I eventually saw that Harmonix was looking for a community manager. I loved my colleagues at Game Informer; they were wonderful people. At the time, though, I thought, “This could be my chance to work in game development.” It was for a company that I loved and admired, and I also loved music games [like] Dance Central. I loved that game. Harmonix said, “We need a community manager for Dance Central” and I thought, “Oh, really? How convenient!”

M: What exactly does a community manager do?

A: There have always been community managers, people who moderate forums and do those sorts of things, but the role is changing. The first question I generally get when I say I’m a community manager is, “What does that even mean?” and it means a lot of different things, depending on where you work. I’m [technically] a product manager now, which is really new, but for all intents and purposes I’m still a community manager.

[At Harmonix,] my community management team and I wear a lot of different hats. We manage our games’ social pages like Facebook and Twitter. We manage the editorial calendars for our websites. We post new content to our websites, whether that be a press release, a behind-the-scenes look at a game feature, or a developer profile. We want to make sure that fans have a look inside the studio and get to see a little bit about the people who work there.

We also have a customer service role. People will often go to our Twitter and Facebook accounts to ask questions about a game. We’re usually the people to answer those questions. If, for whatever reason, it’s something beyond our expertise, we have the developers as a resource. Some people joke and call community managers “human meat shields.” We’re the people between the fan community and developers who help funnel information to the development team.

harmonixscreenshot.pngM: What’s your typical day-to-day?

A: The fun thing about community management is that every day is different. Some days will be full of meetings, running from room to room, and then at some point I’ll find time to check social media accounts or email. Like a lot of jobs, I have a lot of meetings. But then there are some days when the development team [will be] showing off the latest version of a game, and I’ll get an hour, sometimes even two, just playing through it during the day. [Other] times people will stop by the studio to see a game, so I’ll show them a quick demo.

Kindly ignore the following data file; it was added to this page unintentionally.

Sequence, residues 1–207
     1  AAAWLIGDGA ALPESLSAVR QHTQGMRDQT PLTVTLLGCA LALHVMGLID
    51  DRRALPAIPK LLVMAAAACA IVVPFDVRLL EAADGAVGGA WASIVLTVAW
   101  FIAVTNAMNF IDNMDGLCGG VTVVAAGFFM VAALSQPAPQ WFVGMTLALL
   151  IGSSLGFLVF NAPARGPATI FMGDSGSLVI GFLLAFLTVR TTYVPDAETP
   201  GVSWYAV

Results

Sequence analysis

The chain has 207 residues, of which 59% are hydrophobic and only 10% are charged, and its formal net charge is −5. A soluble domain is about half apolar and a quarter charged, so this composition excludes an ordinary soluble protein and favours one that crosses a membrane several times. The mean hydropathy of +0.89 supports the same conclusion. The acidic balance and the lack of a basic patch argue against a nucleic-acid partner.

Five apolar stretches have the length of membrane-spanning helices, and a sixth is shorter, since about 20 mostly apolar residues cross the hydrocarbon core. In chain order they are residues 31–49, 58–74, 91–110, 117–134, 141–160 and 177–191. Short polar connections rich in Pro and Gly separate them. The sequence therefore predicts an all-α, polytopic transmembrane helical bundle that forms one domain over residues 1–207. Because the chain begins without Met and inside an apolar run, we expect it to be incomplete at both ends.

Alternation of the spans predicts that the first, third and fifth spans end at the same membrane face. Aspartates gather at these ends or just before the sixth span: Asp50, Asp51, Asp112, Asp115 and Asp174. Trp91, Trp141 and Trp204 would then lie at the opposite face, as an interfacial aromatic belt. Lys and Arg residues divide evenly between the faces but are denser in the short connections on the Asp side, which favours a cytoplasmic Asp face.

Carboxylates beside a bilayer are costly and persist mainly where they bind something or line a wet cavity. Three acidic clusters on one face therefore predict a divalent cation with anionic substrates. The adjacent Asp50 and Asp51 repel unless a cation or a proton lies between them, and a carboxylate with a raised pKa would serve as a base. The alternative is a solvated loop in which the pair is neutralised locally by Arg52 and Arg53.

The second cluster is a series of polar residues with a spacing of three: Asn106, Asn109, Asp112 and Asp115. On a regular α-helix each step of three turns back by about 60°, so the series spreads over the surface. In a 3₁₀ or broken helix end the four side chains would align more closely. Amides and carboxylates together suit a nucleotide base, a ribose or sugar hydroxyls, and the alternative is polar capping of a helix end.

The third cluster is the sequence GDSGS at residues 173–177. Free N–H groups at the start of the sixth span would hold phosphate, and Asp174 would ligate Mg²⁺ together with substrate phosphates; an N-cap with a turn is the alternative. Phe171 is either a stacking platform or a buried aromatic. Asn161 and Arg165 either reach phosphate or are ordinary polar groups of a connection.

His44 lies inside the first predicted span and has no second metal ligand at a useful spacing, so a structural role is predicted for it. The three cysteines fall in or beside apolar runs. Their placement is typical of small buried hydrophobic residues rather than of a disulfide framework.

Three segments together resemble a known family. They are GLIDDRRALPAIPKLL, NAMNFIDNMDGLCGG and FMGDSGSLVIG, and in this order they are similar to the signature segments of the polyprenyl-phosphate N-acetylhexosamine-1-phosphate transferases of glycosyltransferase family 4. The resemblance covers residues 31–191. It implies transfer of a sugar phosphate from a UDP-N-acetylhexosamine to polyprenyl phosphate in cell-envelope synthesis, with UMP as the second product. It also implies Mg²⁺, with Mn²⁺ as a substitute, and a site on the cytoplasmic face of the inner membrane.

[Harmonix community management] is unique in a way because we are a team. If you need to be covered because you’re on the road or something, you have someone who understands the product as well as you do and has your back. Or, if you think of new ideas, you have the whole team to help you execute them. They’re like my family. We also travel together quite a bit. I’m really glad I love them, because traveling would get terrible real quick if I didn’t.

M: Do you have to be a community manager 24/7?

A: No. We all have our own personal Twitter accounts separate from our game accounts. Having an individual personality as a Harmonix person is really important to us. [Fans] will reach out to the Fantasia account, but they’ll also reach out to me personally with a Fantasia question because they know I’m managing those accounts. We want to give people that kind of visibility to [let them know] there are humans working behind these things.

M: What are some challenges of the job?

A: Sometimes people won’t like a piece of news you put out and will say really insensitive things. They’ll be rude to other people in the community, be rude to you, be rude to the developers. [It’s your job] to take that information and either respond in a democratic way or, ultimately, just ban people if they’re being out of control. You’re the community cop in a way, and you want to make sure there’s not a lot of negativity being thrown around. If someone is speaking out of line, using slurs, or being really disrespectful, just ban them. People might threaten you or say crazy things, but you [still have to] handle it in a professional, clean way.